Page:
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Victoria's Life in the Highlands
by Howard Cutler

Chance, they say, favors the prepared mind, and so, perhaps, does geography. To understand Scotland's powerful hold on the imagination of Queen Victoria, it's worth noting that the first novel she ever read was Sir Walter Scott's Bride of Lammermoor.

Scott was the first great historical novelist to write in English, and he was a romantic poet besides. He lived in Scotland and wrote about it passionately many times in poems and novels that included The Lady of the Lake, Guy Mannering, The Heart of Midlothian, Bride of Lammermoor, Rob Roy, and The Lay of the Last Minstrel. He is not much read today (although both Rob Roy and Ivanhoe were again recently adapted for film), but Queen Victoria was an ardent, lifelong fan.

So when she first traveled to Scotland in 1842 at the age of 23 with her new Prince, Albert of Saxe-Coburg-Gotha, the eyes with which she surveyed the scene were colored by Scott's combination of romance and history. This first adventure to the north was as much a state visit as a holiday, however, and she was far more than a reader of historical fiction. She was Queen, and certainly understood the long, complex relationship between the Scottish and the English thrones, knowing well, for instance, the facts about her predecessors, those great rival Queens, Elizabeth I and Mary Queen of Scots. She was equally aware of the destinies of James I, Mary's son who followed Elizabeth to the throne; of Charles I, who came down from Scotland to assume the English crown and lost his head in doing so; and of the Scottish rebellion of 1745, led against her blood ancestor, King George, by Bonnie Prince Charlie. Yet beyond all the history lay something even more powerful: the awesome beauty of the Highlands, and the vigorous way of life the region demanded.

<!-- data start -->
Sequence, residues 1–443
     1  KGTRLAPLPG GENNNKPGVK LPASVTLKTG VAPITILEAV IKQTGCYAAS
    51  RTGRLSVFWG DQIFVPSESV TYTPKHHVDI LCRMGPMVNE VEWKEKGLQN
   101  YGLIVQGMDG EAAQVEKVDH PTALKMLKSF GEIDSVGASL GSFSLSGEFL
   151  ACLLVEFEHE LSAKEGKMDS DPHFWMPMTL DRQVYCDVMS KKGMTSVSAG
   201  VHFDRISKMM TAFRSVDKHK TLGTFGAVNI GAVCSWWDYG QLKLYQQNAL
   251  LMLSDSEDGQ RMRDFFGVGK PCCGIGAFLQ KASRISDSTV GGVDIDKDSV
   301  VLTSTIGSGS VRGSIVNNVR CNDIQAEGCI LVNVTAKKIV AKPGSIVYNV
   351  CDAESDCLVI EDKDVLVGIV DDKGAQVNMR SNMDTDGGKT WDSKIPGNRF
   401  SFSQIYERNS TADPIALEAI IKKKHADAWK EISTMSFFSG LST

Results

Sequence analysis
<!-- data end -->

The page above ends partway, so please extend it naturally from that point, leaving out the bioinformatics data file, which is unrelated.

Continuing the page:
Family retreats at Balmoral Castle
Victoria's experience on that first holiday with Albert made an indelible impression on her. Albert was similarly affected. She would become the first English monarch since Charles I to make a home in Scotland, and the very first to write about it for the public.

Balmoral Castle

She and Albert were back two summers later, and again in 1847. In 1848 the royal couple acquired a lease on Balmoral Castle and its associated estate of 17,400 acres near Ballateer in the region known as Deeside. They arrived there for the first time in September of that year, and a lifelong attachment began for them both. It's no exaggeration to say that Balmoral and its surrounding countryside became Queen Victoria's spiritual heartland for the rest of her days. She returned there with her family almost every year for many decades, most frequently in late August or early September, just as the heather came into bloom. They would often stay for several weeks.

By 1852 Albert had successfully negotiated the purchase of Balmoral and leased or purchased a good deal of adjoining territory besides, and by 1855 the royal family had built an entirely new and larger castle 100 yards from the original site. Albert and Victoria were to spend seven more treasured family holidays there before his untimely death in 1861.

The new castle they built may seem ludicrously large for a rustic summer retreat, but it must be remembered that the couple had nine children and traveled with a substantial entourage of domestic and civil servants to sustain not only their personal lives but the ongoing business of government. In addition, they needed to be able to provide guest quarters for the intermittent visits of ministers such as Disraeli, and sometimes even foreign heads of state.